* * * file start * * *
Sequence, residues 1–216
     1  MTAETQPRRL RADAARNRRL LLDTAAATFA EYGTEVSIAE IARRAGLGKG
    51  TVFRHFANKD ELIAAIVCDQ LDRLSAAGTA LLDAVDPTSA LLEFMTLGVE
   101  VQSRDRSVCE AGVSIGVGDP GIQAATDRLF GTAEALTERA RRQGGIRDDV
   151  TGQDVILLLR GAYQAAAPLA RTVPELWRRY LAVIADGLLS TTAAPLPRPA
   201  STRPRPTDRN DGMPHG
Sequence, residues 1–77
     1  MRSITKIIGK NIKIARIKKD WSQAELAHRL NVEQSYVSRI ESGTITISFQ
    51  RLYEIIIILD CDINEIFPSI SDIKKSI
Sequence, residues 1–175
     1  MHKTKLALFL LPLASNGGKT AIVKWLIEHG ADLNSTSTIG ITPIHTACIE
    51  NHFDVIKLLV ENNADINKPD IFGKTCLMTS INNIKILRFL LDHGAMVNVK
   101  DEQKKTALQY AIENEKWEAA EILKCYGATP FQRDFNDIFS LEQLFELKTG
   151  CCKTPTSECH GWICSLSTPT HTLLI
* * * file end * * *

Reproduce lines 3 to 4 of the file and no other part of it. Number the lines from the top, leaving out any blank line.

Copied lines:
    51  TVFRHFANKD ELIAAIVCDQ LDRLSAAGTA LLDAVDPTSA LLEFMTLGVE
   101  VQSRDRSVCE AGVSIGVGDP GIQAATDRLF GTAEALTERA RRQGGIRDDV